Wednesday, June 17, 2009

Carrot Halwa


Carrot Halwa is one of the most commonly served desserts in Indian restaurants/buffets. After reading this recipe from my friend's blog, I thought of sharing my way of making it through this post. This recipe involves pressure cooking the carrots to reduce the preparation time and tastes as good as when the carrots are fried.


  1. Carrots (grated) - 1 cup
  2. Milk - 1/3 cup (or till it covers the carrot pulp in cooker)
  3. Sugar - as required (typically 1/2 cup or more)
  4. Cardamom powder (ground) - 1/2 tsp
  5. Cashews & Raisins - as required
  6. Ghee - 3 tsps or optional
  7. Honey - 2 tsps (serves as a binding agent)


  1. Pressure cook grated carrots in milk until they are well cooked.
  2. Transfer the contents into a frying pan and fry until milk gets completely absorbed/evaporated.
  3. Add sugar, honey and ghee and cook for another 5mins.
  4. Mix the cardamom powder, cashews, and raisins.
  5. Cool to room temperature and serve.

Friday, June 12, 2009

Cherry Upside-Down Cake


This is my first attempt at making upside-down cakes. I always had the opinion that upside down cakes are nothing but a plain cake with a fruit topping. But when I tasted a pineapple upside down cake recently, I was quite impressed with the moist pineapple flavor absorbed by the cake. I tried this cake using bing and rainier cherries, and it turned out so yummy that I couldn't resist from having more than 1 serving.

The recipe makes one 8" round cake.


  1. Cherries - 1 cup (pitted and cut into half pieces)
  2. Unsalted Butter - 4 tablespoons (I used "I can't believe it's not butter")
  3. Brown sugar - 1/2 cup (can be reduced if cherries are very sweet)
  4. Granulated Sugar - 1/2 cup
  5. All purpose flour/cake flour - 1 cup
  6. Baking powder - 1 tsp
  7. Salt - a pinch (less than 1/4 tsp)
  8. Vanilla extract - 1 tsp
  9. Orange zest - 1 tsp


  1. Preheat oven to 350F.
  2. Place butter in an 8" round baking pan, and warm it in oven until the butter melts completely.
  3. Remove from oven, and sprinkle brown sugar evenly over the butter.
  4. Layer the cherry halves, cut side down, all over the pan.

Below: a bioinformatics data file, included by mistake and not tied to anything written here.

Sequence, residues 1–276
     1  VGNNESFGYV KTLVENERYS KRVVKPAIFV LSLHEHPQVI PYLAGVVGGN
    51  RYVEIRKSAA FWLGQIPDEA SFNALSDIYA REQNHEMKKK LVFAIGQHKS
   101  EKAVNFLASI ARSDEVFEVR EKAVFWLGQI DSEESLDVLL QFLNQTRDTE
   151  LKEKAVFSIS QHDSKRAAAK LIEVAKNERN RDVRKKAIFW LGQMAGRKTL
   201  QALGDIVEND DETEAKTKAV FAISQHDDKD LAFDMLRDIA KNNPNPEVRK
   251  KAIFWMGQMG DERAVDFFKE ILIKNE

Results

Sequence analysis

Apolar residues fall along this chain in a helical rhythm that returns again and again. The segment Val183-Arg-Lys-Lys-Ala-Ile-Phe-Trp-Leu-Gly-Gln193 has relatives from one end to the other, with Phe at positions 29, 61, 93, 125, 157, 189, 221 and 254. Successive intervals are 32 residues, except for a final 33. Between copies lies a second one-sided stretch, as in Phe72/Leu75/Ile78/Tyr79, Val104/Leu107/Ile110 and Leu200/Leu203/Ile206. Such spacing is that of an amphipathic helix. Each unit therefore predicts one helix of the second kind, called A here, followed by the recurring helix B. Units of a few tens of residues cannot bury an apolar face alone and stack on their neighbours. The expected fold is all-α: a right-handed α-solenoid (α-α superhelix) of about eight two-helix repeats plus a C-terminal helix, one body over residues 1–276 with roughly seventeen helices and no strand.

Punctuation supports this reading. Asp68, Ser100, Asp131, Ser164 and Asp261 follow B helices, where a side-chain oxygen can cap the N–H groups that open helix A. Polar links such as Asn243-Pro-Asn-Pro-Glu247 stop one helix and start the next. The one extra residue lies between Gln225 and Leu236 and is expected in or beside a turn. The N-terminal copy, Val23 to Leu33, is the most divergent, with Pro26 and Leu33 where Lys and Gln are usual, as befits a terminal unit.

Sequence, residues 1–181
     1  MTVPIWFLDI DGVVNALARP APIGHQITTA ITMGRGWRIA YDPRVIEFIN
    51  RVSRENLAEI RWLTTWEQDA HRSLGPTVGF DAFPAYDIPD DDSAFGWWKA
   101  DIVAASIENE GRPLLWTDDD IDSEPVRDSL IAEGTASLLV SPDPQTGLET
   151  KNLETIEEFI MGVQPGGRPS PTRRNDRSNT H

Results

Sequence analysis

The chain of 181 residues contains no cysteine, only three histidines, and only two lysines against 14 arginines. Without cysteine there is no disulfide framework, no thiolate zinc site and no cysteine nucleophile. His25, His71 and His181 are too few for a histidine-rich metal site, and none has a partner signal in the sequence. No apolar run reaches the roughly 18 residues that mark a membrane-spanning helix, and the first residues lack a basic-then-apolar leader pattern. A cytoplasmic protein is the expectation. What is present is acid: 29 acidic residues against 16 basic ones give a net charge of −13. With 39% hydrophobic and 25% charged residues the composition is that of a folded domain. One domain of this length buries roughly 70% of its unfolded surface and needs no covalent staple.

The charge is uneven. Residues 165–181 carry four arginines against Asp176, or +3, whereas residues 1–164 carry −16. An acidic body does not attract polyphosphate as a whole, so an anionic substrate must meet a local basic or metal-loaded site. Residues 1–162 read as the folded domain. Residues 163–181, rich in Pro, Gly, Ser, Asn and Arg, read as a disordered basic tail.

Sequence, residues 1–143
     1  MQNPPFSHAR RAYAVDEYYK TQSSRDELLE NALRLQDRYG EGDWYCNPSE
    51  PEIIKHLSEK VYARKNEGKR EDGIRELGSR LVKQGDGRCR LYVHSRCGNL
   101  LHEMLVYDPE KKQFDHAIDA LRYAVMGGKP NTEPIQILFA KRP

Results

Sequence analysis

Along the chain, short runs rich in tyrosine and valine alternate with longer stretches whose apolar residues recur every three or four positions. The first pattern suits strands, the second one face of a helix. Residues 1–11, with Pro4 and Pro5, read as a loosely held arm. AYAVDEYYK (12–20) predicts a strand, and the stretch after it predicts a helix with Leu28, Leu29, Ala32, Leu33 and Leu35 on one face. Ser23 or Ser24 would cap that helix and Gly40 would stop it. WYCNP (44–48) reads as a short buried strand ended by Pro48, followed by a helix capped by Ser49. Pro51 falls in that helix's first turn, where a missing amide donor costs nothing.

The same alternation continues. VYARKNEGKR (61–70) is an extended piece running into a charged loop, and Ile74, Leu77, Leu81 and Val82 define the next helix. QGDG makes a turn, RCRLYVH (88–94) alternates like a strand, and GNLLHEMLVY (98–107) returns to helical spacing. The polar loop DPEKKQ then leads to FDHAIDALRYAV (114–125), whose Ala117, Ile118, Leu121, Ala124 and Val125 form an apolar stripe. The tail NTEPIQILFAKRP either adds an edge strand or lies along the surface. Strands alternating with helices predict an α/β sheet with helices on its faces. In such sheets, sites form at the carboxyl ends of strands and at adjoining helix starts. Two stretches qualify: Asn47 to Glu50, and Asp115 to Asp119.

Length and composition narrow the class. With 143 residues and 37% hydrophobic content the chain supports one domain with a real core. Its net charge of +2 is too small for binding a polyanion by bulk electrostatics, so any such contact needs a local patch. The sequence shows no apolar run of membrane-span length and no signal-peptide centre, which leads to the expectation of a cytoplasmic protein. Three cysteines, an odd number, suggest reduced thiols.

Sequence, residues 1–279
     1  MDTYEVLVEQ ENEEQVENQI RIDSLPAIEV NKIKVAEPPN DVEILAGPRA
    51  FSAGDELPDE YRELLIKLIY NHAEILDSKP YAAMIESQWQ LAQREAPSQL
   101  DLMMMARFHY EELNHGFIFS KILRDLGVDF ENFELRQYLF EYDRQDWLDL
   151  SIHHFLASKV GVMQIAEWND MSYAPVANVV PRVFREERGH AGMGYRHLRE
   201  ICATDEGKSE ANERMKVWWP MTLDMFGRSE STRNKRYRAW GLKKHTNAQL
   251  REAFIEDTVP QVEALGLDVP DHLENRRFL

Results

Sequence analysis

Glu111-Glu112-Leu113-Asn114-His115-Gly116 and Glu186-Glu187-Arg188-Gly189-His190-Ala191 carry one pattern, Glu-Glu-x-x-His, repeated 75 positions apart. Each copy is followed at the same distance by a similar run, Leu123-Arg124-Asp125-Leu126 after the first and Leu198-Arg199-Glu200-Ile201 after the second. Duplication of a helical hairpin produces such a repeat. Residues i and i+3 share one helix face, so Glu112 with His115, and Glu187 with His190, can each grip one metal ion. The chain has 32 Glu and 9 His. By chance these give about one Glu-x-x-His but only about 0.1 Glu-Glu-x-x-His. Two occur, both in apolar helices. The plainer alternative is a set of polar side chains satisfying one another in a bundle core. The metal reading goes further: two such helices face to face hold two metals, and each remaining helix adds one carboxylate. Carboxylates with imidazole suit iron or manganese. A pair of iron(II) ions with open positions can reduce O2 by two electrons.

5. Combine the flour, baking powder, salt in a bowl.
  6. Separate egg whites and yolks in two separate bowls.
  7. Beat egg whites at high speed until they become fluffy. Set it aside.
  8. Beat egg yolks with sugar, vanilla extract and orange zest at medium speed until creamy. Add the flour mixture to the creamed mixture and beat until they are well mixed.
  9. Add the egg whites to the above mix and fold it using a spatula.
  10. Pour cake mixture evenly over the fruit layer in the pan, and smooth the surface.
  11. Bake for 40-45 minutes, or until cake is done (a toothpick inserted into the center comes out clean).
  12. Cool it for 10 minutes. Run a knife around the edges of the pan to loosen the cake. Invert carefully onto a plate. Serve warm or at room temperature.

Before turning upside down -

After turning upside down -

Wednesday, June 10, 2009

Cherry Picking


Imagine being in a huge cherry farm with hundreds of trees practically for ourselves - we are free to pick and taste as many as we wish and purchase the sweetest and the freshest ones at a very reasonable price. That's what we did today. I would like to share some of the pictures from our cherry picking trip.

Rainier Cherries:

Bing Cherries:

Cherry picking season lasts from May to end of June in Northern California. Today, we visited a near-by U-Pick cherry farm for the first time, and we had a great time picking our favourite fruit fresh from the trees. We found Bing cherries and Rainier cherries at their peak and some Nectarines (but not ready for picking). I never tasted these fruits until I moved to the US. In India, we have processed/dried cherries that are commonly used in cakes/sweets and ice creams.

Few facts about cherries that I gathered on Google:

  • There are two types of cherries, sweet and tart or sour cherries. Tart or sour cherries are canned and used in pies, dried into fruit snacks and made into juice concentrate.
  • The most famous sweet cherry variety is the Bing cherry. Another sweet cherry variety is the Lambert. Both these got their names from a famous Chinese farm. The Rainier cherry, a light sweet variety, originated from the cross breeding of the Bing and Van varieties. The Bing, Lambert and Rainier varieties together account for a majority of the US sweet cherry production.